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In Primal Fear, Aaron Stampler had multiple personality disorder. In court, this was brought up by just one non-expert witness (with no proof), and just once did Aaron Stampler actually show his other persona, in court, after which he is sent to a hospital, and is seemingly not being convicted and punished as a murderer.

Why? Why did the court just believe this story?

My first thought when we first saw Roy wasn't "that's definitely multiple personality disorder", it was "this is probably just an act", and I'm just a regular person. How did that thought not even occur to a court of law?

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Because when you take a look at both characters, it's hard to believe it is an act, and you believe that he is actually insane.

So, after Aaron turned into Roy and attacked Janet Venbale, and then after being knocked to the ground by the guards, he turns back into Aaron, proving everyone he has Multiple Personality Disorder and is actually insane. The judge sends Aaron to the hospital under reason of insanity for 30 days to get the help he needs. Then as we figure out later, he's faking it the entire time.

If you're asking why couldn't he be arrested for it, after admitting that he actually killed the archbishop and faked the disorder, it is called double jeopardy. The Fifth Amendment to the United States Constitution provides:

[N]or shall any person be subject for the same offence to be twice put in jeopardy of life or limb. ... "

Conversely, double jeopardy comes with a key exception, which means he can't be trialed again for it.

  • I don't think that was the OP's point. He is asking why the court believed the act in the first place, not why he wasn't accused again. – BlueMoon93 Mar 9 '17 at 12:02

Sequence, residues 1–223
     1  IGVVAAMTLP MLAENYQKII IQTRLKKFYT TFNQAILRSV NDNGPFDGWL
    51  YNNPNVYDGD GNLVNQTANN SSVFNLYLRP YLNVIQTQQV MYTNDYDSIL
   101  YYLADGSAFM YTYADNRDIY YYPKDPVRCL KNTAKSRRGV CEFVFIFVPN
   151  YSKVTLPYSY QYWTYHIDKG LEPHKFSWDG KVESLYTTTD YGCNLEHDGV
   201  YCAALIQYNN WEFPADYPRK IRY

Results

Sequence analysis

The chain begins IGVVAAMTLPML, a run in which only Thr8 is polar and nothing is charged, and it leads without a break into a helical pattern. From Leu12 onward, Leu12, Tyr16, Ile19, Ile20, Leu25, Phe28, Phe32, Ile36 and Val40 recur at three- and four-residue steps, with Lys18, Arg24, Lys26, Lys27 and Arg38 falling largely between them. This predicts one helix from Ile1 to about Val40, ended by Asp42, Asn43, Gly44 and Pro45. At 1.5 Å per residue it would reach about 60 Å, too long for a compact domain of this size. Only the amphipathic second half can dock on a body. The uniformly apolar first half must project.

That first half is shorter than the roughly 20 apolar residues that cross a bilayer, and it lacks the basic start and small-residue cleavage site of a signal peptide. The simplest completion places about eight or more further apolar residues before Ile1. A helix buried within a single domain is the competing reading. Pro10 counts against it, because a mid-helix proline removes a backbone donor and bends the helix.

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In 1993, when the book was published, neither courts nor dissociative identity disorder (DID) worked as they do today. DID was considered in 2008 to be

one of the most controversial psychiatric disorders, with no clear consensus on diagnostic criteria or treatment.

I'm no law expert, so I can't address the realism (or lack-there-of) of this scene, where a single expert classifies Aaron as having DID, and the court believes it. However, going by the movie's plot, the jury has, as evidence,

  • Molly Arrington, the psychiatrist examining Aaron, is convinced that he suffers from multiple personality disorder caused by years of abuse at the hands of his father
  • Vail slowly sets up a confrontation in court by dropping hints about the Archbishop's pedophilia, as well as Stampler's multiple personalities.
  • After Venable questions him harshly during cross-examination, Stampler turns into "Roy" in open court and attacks her, threatening to snap her neck if anyone comes near him. He is subdued by courthouse marshals and rushed back to his holding cell.

The entire trial was set up by Vail to slowly turn the jury's opinion towards insanity.

Aaron is shown as a sweet scared church boy, who (unbelievably) turns into Roy, the violent sociopath. In a time where DID wasn't as well as know as it is today (which is still not that well-known), the expert's opinion and the (great) performance of Aaron makes it believable, and leads to the decision of

not guilty by reason of insanity, remanding him to a maximum security mental hospital.

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